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The Bloody Truth About Hematuria: What It Is, What To Look For, What To Do If You Have It

There are many things that can keep one up at night, especially during this time of the year. In urology, one thing that is certainly spooky year round though is the discovery of blood in your urine. This blood is otherwise known as hematuria. Even though it may appear frightening at first, when properly evaluated and diagnosed, hematuria can be very helpful in determining what your physician can do to best treat the problem at hand. Here we hope to outline what hematuria is, what causes it, and how it can best be taken care of in a brief question and answer format to get you back to living life at the fullest.

Question: What is hematuria?

Answer: Hematuria is the abnormal presence of blood in the urine. There are two forms: gross hematuria, when the urine is visibly pink or red and microscopic hematuria, when the urine looks normal but blood is seen under the microscope.

Question: What causes hematuria?

Answer: There are many causes of hematuria. False hematuria is a discoloration of urine from pigments such as food coloring or myoglobin. Fictitious hematuria is the presence of blood cells in the urine from a source outside the urinary such as vaginal bleeding. Kidney disease often causes blood and protein in the urine. The most common causes of significant hematuria are infections, kidney stones, trauma and tumors.

Question: What will the evaluation consist of?

Answer: Once hematuria is identified, a typical evaluation will consist of the following:

  1.     Detailed history and physical
  2.     Urine Specimen to confirm the presence of blood and look for signs of infection
  3.     Urine culture and sensitivity to show if the urine is infected and to determine the specific bacteria and    appropriate antibiotic for treatment
  4.     Blood tests involving a complete blood count (CBC) and a medical profile
  5.     Urine Cytology to evaluate the urine for cancer cells
  6.     IVP (Intraveneus Pyelogram), an x-ray of the urinary tract including kidneys, ureter and bladder
  7.     Cystoscopy-looking into the bladder through a small, telescope-like tube

Question: What is a cystoscopy?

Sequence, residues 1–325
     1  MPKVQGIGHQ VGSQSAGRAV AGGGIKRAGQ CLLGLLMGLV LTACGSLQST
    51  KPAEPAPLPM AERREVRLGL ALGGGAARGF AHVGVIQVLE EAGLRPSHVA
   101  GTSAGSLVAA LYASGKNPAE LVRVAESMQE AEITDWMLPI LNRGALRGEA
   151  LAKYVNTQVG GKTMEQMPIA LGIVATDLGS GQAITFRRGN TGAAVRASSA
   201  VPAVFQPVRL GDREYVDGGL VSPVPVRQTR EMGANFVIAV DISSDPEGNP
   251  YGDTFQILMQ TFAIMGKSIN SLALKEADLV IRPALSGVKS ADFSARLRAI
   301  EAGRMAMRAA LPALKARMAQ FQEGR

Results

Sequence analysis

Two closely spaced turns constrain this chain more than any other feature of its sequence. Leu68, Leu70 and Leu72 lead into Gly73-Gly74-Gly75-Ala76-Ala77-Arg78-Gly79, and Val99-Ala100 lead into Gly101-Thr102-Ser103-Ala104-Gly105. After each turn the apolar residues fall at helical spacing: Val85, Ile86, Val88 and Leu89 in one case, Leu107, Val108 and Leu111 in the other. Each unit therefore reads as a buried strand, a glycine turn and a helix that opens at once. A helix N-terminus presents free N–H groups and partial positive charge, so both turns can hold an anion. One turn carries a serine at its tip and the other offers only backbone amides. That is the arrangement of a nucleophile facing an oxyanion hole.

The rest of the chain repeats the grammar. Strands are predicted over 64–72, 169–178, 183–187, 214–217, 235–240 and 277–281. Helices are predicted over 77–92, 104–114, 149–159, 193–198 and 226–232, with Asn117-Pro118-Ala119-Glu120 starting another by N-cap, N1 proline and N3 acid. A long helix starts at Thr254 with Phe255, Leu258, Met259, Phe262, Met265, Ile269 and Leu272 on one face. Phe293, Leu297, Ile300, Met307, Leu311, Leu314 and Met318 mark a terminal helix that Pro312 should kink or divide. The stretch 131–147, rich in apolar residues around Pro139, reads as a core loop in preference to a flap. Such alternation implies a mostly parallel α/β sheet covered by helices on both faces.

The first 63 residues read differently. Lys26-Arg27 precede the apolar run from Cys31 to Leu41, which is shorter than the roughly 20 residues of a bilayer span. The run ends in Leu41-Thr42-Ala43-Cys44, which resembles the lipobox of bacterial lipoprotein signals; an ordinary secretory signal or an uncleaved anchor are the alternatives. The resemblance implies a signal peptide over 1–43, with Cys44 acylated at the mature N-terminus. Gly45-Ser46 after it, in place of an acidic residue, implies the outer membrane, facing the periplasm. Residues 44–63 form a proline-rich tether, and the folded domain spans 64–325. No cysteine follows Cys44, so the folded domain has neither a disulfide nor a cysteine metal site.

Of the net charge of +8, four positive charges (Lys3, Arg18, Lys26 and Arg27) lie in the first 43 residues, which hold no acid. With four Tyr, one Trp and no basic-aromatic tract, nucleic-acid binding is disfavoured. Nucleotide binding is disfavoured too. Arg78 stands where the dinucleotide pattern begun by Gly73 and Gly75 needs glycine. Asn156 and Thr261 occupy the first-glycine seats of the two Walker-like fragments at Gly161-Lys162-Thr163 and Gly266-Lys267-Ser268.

Answer: A cystoscopy (also known as a cysto for short) is a procedure that helps look inside the bladder and urethra using a telescope. This type of procedure is used to check for cancer of the bladder or urethra, diagnose and evaluate urinary tract disorders, diagnose repeated bladder infections and help determine the cause of pain during urination

Question: How does a cystoscopy work? 

Answer: A cystoscopy is performed with a flexible cystoscope, a special tube with a small camera on the end and the procedure usually takes between 5 – 20 minutes. The urethra is cleansed and the scope is then inserted through the urethra into the bladder. Saline water flows through the cystoscope to fill the bladder, stretching the bladder wall. This allows your health care provider to see the entire bladder wall. You will feel the need to urinate when the bladder is full, however, the bladder must remain full until the exam is completed. If any tissue appears abnormal, a small sample (biopsy) can be taken through the cystoscope to be tested in the lab.

Question: What are treatments options for hematuria and conditions associated with it?

Answer: The proper treatment for hematuria depends on the cause. Hematuria from an infection should be treated with antibiotics while blood in the urine from a kidney stone or tumor will be addressed in a different way. Remember blood in the urine is a sign that should not be ignored. Call to schedule a consult with Dr. Kenneson to find out about all available treatment options at hand today.

Lauren Rogers

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